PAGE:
Apotheca | Preview

June 17, 2015
Designer: Andrew Federspiel | Publisher: Knapsack Games | Players: 2-4 | Playing time: 30 mins

This is a preview of a non-final prototype. Components, art, and the rules described in this preview may change between now and the final, published game.

Psst. Hey, you! Yeah, you, weary traveler. Are you in the market for some potions? I happen to have a fantastic stock of tonics and tinctures that you may enjoy. Maybe an elixir or two? Yes? Excellent! Just let me find them… ah, there they are! One second now, I just need to arrange them into nice little rows…


Apotheca, from designer Andrew Federspiel and Knapsack Games, is an easy-to-learn abstract puzzle game with an element of Memory and a little bit of take-that strategy built upon a potion making theme. You aim to reveal potion cards of matching colors by utilizing your apothecaries (programmed movement cards) to rearrange the potions into sets of three. You are allowed two different actions per turn, choosing from the following:

  • Reveal a potion: Flip one card on the board and take a gem of that potion’s color.
  • Rearrange potions: Move potion cards on the board according to an apothecary card.
  • Recruit a new apothecary: Using your collected gems, turn in two of the same color for a face-up apothecary card, or two different ones for a face-down card.
  • Restock the lab: Draw, secretly look at, and place new potions on the board until there are exactly three face down potions.

After revealing or rearranging potions, if you’ve formed a set of three matching cards (or one of the several bonus arrangements that you can try for), collect that set and place it on top of one of your apothecary cards. Apothecary cards that are covered in this fashion may no longer be used for movement, so plan carefully when you collect a set from the board! Given this, you will certainly need to obtain additional apothecaries throughout the game in order to reach the three sets required to win.



With each player having secret knowledge of the potions that they’ve added to the board, this allows you the perfect opportunity to try and deceive your competitors and bait them into revealing or rearranging cards in a way that helps you, or merely wastes their time. The state of the board changes consistently, limiting your ability to plan too far into the future and requires quick thinking, problem solving, and optimal use of your apothecaries to navigate the new puzzle that greets you from turn to turn. You must balance placing your cards in advantageous spots that allow your apothecary movements to create sets, while at the same time not creating opportunities for your opponents to do the same. After all, it only takes three sets to win the game!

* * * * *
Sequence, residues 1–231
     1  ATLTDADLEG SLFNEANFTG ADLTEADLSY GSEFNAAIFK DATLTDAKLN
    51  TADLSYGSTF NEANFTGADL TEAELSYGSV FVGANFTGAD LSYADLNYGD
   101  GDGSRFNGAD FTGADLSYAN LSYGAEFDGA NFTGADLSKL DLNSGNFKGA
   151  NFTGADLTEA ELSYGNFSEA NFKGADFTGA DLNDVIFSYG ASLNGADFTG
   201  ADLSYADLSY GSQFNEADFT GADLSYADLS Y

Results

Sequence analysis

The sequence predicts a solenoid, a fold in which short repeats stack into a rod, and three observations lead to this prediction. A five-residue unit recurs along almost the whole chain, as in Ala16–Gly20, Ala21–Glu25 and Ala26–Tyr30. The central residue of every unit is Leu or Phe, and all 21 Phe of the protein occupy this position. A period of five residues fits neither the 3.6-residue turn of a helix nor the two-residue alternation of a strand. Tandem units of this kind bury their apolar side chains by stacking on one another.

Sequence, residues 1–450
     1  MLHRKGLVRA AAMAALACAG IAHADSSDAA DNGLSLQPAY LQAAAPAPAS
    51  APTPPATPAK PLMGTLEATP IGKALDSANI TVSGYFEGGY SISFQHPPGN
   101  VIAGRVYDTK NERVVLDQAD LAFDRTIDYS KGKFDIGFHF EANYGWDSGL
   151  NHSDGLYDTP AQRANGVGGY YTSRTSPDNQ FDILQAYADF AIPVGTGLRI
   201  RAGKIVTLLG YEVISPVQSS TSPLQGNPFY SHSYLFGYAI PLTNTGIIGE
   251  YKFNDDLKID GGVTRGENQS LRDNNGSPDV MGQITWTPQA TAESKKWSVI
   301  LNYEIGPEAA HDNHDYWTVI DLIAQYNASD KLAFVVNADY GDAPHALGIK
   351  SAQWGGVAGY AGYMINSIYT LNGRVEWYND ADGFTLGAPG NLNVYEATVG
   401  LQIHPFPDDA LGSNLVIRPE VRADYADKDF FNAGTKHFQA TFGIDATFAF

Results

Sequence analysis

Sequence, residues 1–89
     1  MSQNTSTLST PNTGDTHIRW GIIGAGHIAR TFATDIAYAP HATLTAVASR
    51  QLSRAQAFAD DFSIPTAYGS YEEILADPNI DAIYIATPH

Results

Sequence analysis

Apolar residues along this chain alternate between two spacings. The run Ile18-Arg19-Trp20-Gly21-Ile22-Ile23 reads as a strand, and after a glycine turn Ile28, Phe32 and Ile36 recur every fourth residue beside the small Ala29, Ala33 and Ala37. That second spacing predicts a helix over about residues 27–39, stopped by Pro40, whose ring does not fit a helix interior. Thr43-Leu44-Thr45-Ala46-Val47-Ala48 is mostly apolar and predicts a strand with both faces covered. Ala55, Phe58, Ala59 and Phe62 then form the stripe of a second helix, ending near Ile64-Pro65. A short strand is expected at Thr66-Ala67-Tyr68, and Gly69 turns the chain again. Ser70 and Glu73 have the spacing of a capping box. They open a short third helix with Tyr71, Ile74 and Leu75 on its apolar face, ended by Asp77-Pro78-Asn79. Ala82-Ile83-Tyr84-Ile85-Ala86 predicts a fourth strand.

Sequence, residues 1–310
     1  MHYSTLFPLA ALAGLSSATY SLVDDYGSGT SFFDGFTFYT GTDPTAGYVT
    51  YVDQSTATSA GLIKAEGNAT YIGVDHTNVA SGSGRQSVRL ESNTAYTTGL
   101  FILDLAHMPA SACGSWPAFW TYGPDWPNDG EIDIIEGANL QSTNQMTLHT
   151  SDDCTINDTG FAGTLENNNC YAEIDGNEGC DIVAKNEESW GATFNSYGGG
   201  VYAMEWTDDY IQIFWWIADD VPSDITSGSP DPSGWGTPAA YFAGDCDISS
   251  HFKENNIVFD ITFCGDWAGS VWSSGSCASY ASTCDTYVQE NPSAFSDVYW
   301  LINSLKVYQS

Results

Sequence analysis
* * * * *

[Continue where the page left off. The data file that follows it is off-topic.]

Apotheca is generally a fast-paced game, although it’s possible to encounter some analysis paralysis if you’re playing with someone who likes to over-think their options. The experience also differs based on the number of players in the game. Playing Apotheca with two players allows you to exercise more strategic placements and incorporate some offensive plays in order to trick your opponent. With three players, you encounter just the right amount of chaos to throw you for a loop while still keeping the game light and fun! Four players, on the other hand, introduces a team element which opens up even more tactical opportunities. Given the variety in apothecaries and its ever-changing board, Apotheca will easily hit the table many times and continue to keep you engaged play after play!

League Rulings


This game is excellent! When I first played this game Matt said “you’ll like this one,” and I believed him, but I was still wary. He was 100% correct. I really enjoy trying to utilize the apothecary movements to rearrange potions – each turn is trying to work out a puzzle that has changed since the last time you messed with it. You have to keep an eye on other players’ apothecaries to try to anticipate their moves while planning your own based on what they could do. This game is a perfect balance of frustration (because your opponent keeps throwing off your groove, man) and excitement. You watch your opponent move one of your hidden potions exactly where you need it and inside you are just shouting “YES!” while outside you try to put your best game face on like “that move doesn’t affect me, whatever, see if I care.” I have really, really enjoyed playing Apotheca and I very much look forward to its campaign.


Apotheca has quickly become one of my favorite games to have previewed so far. Designer Andrew Federspiel has followed up on the success of Knee Jerk with something wildly different, but equally creative and well made. The design is simple in concept but offers a range of strategic and tactical decisions that ebb and flow across the different player counts. Want something that rewards long term planning? Play with two. Want a bit more instability in the board state? Invite over a third player. Want to test your telepathy? Find another friend to bring it to four and give the team game a whirl. No matter what, you’ll find Apotheca to be a fast, balanced, and enjoyable experience. I really look forward to supporting this project soon.


The League of Nonsensical Gamers would like to thank Andrew Federspiel for kindly providing us with a prototype of Apotheca for this preview.

Apotheca is currently funding over on Kickstarter. If this game stirs your pot, head on over to the campaign page by July 9, 2015 to purchase your own copy. For $35 you will receive a full copy of the game and any stretch goals that have been reached.


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CONTRIBUTOR: Pediatric Nurse. Shameless fangirl. Fierce competitor. Light gamer.